You, as a decision maker, do not have to accept this type of rate increase. There are other options for you! These options are going to be “outside the box” of traditional employee benefit thinking. If other consultants want to blame our current administration, that’s fine, but we are working on new solutions.

Employers can apply for coverage through the small-business exchange at any point during the year, and those who are eligible to shop for coverage (firms with fewer than 50 full-time workers) are by definition exempt from rules that will soon penalize companies that do not offer plans to their workers.

Individuals have a limited window, which closes at the end of March, during which to purchase coverage for the coming year. Those who fail to secure a health plan may be subject to a tax penalty under Affordable Care Act rules. If you want a new solution for your group health insurance, contact us.

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affordable_care_actThe Obama administration released 200 pages of Department of Treasury regulations last week. Inside these 200 pages was information about delaying the employer mandate. This is specific to companies with 50 to 99 employees and the delay is until January 1st, 2016.

This is a very big development and is being viewed as political even though they have tried to avoid it. The reality is there are certain industries that are unable to provide health insurance to their employees. These industries usually employ lower wage workers that are unable to afford any portion of the premium or choose to go without it.  This delay will help many of these industries cope with the new law. Businesses with more than 50 employees would have paid a fee of $2,000 per uninsured employee after the first 30 employees, as well as a fee for employees who receive a subsidy through the exchanges. This has been wide spread through many industries.  This new delay may be the beginning of making some changes to the Affordable Care Act law on the employer mandate.  It’s possible that we could see the employer mandate requirements moved from 50 employees to 99 employees.  A small group is defined as under 50 employees but in 2016 that will be moved to 99.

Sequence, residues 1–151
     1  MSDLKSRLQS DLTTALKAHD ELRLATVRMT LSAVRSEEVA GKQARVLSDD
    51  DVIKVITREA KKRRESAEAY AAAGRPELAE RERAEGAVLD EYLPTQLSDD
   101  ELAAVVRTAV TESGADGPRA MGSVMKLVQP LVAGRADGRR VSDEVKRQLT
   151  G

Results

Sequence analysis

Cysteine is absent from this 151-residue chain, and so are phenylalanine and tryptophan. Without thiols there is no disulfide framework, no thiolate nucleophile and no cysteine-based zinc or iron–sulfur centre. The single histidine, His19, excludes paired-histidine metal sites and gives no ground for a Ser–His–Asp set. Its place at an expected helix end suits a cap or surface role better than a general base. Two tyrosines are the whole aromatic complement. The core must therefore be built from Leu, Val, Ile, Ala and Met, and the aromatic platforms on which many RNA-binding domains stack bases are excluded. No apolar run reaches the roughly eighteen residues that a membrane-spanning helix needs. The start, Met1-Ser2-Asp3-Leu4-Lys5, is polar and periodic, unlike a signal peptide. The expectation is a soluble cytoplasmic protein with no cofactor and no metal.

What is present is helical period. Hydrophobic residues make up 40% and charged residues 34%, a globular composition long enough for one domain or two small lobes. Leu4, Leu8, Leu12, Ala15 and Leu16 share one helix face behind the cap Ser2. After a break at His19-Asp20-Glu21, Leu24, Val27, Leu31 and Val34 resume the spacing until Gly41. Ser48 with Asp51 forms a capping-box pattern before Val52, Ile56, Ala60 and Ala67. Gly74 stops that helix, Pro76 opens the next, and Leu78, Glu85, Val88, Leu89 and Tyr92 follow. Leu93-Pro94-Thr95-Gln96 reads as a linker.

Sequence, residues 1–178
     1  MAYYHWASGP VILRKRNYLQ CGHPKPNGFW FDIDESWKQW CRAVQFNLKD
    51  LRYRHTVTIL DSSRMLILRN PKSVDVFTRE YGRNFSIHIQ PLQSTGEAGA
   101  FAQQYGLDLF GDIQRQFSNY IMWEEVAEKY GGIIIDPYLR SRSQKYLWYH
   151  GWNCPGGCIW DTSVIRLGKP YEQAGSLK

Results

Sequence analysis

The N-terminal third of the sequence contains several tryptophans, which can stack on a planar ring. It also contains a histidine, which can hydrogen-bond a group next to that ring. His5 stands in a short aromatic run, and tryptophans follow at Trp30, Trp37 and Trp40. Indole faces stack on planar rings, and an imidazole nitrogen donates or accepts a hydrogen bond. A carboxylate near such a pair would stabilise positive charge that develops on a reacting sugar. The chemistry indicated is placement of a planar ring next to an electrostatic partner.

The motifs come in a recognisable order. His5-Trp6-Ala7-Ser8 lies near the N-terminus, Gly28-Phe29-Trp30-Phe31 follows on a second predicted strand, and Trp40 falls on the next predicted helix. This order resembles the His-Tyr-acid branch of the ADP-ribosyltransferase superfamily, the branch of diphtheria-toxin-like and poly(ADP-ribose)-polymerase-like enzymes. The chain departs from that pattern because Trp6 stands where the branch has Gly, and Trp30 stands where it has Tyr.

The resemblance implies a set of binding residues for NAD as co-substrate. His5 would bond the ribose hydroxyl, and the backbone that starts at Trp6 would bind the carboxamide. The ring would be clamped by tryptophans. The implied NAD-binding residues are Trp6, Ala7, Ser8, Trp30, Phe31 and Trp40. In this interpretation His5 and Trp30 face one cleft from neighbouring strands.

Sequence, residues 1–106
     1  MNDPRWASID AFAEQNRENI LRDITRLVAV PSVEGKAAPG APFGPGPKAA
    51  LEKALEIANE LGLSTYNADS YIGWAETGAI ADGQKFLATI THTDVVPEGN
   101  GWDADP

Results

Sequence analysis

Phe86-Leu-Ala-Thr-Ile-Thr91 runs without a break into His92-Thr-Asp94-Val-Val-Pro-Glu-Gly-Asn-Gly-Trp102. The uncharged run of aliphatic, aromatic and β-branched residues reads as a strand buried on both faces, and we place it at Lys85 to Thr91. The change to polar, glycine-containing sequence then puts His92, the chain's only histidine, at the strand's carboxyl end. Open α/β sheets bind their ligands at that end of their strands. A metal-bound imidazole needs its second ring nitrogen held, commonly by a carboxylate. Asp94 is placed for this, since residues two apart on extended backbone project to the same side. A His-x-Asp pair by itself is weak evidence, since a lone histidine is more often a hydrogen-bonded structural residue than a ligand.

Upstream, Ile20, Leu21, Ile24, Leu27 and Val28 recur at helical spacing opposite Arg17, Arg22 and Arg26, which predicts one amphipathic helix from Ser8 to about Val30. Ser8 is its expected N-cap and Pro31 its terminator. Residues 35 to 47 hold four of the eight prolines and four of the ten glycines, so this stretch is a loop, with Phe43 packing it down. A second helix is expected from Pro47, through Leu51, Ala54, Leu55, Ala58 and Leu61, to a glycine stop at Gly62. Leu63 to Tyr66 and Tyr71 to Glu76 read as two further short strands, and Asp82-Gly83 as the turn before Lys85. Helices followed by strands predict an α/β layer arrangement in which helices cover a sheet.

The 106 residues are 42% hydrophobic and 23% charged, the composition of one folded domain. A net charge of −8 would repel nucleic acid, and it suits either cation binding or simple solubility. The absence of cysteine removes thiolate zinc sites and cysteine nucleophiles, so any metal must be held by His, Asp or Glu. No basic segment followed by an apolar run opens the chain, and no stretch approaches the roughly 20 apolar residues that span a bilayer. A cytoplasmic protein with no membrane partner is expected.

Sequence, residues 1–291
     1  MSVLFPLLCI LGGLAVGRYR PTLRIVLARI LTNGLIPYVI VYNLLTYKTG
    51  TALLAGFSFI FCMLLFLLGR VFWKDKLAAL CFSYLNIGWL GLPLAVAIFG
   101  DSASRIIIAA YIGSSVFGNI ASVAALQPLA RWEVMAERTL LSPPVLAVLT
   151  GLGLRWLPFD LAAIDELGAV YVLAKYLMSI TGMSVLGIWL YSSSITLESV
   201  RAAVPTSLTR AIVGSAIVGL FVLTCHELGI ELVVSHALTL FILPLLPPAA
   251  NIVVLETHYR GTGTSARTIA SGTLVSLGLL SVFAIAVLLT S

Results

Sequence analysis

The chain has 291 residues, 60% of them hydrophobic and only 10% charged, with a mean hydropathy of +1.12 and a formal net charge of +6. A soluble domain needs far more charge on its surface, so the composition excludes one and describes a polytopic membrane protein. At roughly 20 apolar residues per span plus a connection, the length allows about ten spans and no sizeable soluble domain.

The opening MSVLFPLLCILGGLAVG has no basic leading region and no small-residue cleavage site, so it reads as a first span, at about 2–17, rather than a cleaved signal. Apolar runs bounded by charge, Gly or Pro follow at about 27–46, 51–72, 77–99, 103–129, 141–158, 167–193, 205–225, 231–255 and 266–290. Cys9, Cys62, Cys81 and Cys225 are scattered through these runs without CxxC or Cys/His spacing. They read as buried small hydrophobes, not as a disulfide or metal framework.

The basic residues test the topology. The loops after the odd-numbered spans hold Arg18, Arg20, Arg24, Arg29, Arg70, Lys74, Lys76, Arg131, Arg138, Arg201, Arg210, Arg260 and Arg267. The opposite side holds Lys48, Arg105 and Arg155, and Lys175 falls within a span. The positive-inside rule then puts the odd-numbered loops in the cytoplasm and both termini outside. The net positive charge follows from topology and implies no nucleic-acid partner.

“Much like the individual mandate, the business mandate is bad for middle-class families and will harm economic growth, but the answer to this problem is not random unilateral changes, stoking uncertainty,” House Majority Leader Eric Cantor, R-Va. said.

Also included in the 200 pages of explanation is how to calculate the employer mandate requirement for companies over 100 employees. Businesses with more than 100 employees must offer coverage to 70% of their full-time employees in 2015 and 95% of their employees in 2016.

So far we know that companies with fewer than 50 full-time workers are already exempt from the rule. Volunteer firefighters, part-time teachers and adjunct professors who teach less than 15 hours a week will not be counted as full-time employees, according to a rule released Monday. There will be plenty of interpretation in this change of the law in the coming days.  The issue that will have to be addressed is, if these employees are not being offered coverage and they obtain subsidies, is the company penalized $3,000?

It is becoming more and more difficult for companies to make decisions based on this law when it changes daily.

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healthcare_reform_banner2_rdax_100We are starting to see the impact of Obamacare, both the positive and negative initial outcomes. It depends on every Hoosier’s individual situation to say if they feel joy or if they feel pain.

There is a lot of joy for Hoosiers that suffer from ongoing health conditions. This segment of our community is now able to get access to health insurance, which will lead them to receiving health care, sometimes for the first time in years. If you have ever been denied coverage then you know how frustrating this can be.  Those days are now over. Everyone is guaranteed issue and can not be carry the title of pre-existing condition.

If you have been priced out of the health insurance market, you may experience a lot of joy. With the Federal Facilitated Marketplace, you may be eligible for a subsidy which is going to reduce your monthly premium. We are seeing some estimates that the policy holder may not have a premium at all because the subsidy is more than the monthly premium. To go from not being able to afford a policy to getting a policy for free is extraordinary.

If you are healthy and do not qualify for a subsidy  you might be feeling pain right now. You have gotten a notice from the insurance company on how much your premium is going up in 2014, and these are very ugly increases. If you are a family of four, the new budget for health premiums is around a $1,000 a month.  This is creating a lot of pain for Hoosiers.

Small group health insurance premiums are going to feel a lot of pain also. There have been projections of 30%-60% increases. Most small companies can not absorb that kind of increase. Neither the employer or employee will be able to pay their portion of the premium. This could turn out to be a significant blow to small business. Small business owners are going to have to get really creative on keeping key employees. It’s difficult right now competing with large companies on employees. In 2014, it may be impossible.

One thing is for sure: we are a part of the biggest transformation in health care history. Everything is going to change.